Reproductive Options if You Are a Pompe Disease Carrier
If you are a carrier of Pompe disease, you may be wondering about the risks of passing the disease to your children. A carrier has one copy of a disease-causing mutation but does not have the disease themselves.
If your partner is not a carrier of a mutation that causes Pompe disease, your children will unlikely inherit the disease. However, they will have a 1 in 2 chance of being carriers like you.
If you and your partner are both carriers, or if one of you has Pompe disease, you may want to consider reproductive options. Talk to your doctor and a genetic counselor to determine which method would be best for you and your partner.
In amniocentesis, the doctor inserts a needle into the uterus during pregnancy (usually through the abdomen) to collect a sample of amniotic fluid. This fluid contains some cells from the fetus, and these cells can be used for genetic testing.
In chorionic villus sampling, the doctor inserts a needle into the vagina or through the abdomen to collect a sample of the placenta.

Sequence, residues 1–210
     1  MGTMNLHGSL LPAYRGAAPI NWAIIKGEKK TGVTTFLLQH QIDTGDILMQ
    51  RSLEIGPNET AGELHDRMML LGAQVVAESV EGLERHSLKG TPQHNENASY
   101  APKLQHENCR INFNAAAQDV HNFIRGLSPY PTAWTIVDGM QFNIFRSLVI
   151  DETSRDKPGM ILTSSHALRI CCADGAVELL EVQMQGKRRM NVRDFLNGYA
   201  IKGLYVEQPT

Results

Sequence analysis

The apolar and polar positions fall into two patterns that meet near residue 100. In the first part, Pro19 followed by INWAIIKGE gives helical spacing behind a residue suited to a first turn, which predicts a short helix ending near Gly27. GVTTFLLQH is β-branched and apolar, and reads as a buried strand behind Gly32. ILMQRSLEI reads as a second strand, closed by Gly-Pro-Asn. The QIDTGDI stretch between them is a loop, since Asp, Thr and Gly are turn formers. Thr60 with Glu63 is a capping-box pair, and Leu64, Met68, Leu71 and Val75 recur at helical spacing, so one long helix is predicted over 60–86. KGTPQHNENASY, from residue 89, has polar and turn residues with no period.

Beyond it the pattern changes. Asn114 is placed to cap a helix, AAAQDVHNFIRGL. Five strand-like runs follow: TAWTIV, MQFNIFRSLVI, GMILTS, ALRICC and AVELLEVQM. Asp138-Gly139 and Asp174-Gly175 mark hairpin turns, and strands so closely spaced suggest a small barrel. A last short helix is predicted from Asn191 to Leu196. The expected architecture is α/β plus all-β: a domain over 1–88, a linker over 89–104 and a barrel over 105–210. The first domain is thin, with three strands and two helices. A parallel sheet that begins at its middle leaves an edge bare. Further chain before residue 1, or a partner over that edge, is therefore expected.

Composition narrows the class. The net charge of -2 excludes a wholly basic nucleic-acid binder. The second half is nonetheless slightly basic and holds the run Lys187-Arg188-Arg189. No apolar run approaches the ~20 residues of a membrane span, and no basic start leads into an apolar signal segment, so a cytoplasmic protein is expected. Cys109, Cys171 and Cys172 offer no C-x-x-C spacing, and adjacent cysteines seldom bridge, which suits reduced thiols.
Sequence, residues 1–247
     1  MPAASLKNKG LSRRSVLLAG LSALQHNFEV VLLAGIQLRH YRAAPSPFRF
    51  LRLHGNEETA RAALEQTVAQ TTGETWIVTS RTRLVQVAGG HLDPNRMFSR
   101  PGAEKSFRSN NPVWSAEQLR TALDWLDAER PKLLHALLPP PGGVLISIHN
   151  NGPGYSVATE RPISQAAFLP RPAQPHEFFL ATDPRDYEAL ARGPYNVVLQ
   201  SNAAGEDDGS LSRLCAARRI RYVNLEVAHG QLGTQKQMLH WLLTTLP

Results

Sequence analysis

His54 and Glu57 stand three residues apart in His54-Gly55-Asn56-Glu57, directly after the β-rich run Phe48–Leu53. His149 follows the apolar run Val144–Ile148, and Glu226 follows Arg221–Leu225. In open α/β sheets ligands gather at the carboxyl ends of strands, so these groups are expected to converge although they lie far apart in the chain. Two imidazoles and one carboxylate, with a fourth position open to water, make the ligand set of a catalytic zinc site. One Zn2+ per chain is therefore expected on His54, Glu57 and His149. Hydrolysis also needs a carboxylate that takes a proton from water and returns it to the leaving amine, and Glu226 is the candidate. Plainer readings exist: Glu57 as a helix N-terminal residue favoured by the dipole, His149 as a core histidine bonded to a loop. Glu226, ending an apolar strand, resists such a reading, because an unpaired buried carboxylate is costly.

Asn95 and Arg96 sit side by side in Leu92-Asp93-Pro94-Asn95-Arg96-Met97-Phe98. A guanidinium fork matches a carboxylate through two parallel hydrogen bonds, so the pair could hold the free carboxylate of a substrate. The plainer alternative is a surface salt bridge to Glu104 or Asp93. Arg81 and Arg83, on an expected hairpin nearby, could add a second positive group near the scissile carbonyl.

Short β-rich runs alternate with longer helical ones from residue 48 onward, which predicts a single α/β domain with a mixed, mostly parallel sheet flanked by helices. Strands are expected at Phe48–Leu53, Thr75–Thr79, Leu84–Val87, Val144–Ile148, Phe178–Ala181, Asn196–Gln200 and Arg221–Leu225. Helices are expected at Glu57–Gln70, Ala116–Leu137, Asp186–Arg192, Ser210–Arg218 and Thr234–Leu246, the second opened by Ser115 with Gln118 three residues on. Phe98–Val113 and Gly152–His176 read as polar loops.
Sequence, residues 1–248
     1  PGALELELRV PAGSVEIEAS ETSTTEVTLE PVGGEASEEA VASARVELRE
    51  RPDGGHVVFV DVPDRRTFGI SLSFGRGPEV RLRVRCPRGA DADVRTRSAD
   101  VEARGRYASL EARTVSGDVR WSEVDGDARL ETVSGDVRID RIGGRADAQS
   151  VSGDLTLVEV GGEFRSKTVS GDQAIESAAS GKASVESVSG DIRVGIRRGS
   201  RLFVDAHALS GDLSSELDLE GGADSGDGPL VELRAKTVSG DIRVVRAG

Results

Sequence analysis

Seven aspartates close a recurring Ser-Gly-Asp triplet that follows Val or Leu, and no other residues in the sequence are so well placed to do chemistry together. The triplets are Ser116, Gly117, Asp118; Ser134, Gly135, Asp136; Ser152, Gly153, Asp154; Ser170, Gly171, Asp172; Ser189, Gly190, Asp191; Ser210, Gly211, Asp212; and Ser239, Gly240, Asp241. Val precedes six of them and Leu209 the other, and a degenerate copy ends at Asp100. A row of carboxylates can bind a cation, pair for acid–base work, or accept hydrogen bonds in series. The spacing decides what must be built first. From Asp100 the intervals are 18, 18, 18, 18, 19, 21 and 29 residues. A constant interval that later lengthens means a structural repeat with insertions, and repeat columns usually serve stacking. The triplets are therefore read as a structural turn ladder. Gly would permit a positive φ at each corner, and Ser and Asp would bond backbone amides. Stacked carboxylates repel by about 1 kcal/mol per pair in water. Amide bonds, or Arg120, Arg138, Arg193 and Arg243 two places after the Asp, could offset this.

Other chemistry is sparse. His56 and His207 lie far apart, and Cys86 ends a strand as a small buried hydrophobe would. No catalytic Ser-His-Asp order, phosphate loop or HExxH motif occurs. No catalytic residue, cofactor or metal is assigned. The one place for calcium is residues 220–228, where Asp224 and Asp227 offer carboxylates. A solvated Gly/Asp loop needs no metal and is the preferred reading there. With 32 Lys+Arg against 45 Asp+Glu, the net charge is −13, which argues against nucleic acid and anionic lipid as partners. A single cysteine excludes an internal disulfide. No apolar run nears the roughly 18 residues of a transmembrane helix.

Genetic testing can determine whether the fetus has genetic mutations that may cause Pompe disease.
In vitro fertilization
Sperm and an egg are combined in a laboratory to create an embryo in a process called in vitro fertilization (IVF). The doctor then implants this embryo into the uterus of the mother or a surrogate.
The IVF process can use reproductive material from you and your partner. Alternatively, you can request the use of a donor egg or sperm, in which case the child will be genetically related to only one of you. As long as the donor parent is not a Pompe disease carrier, the child may be a carrier but will not inherit the disease.
Alternatively, you can use both donor egg and sperm, and the child will not be genetically related to you or your partner.
Pre-implantation genetic diagnosis
Before the implantation process, an embryo created by IVF can be screened for genetic diseases. In this way, you and your partner could use your own genetic material and choose to implant only embryos that have no copies of a disease-causing mutation or embryos that have only one copy and would be considered carriers.
Last updated: June 8, 2020
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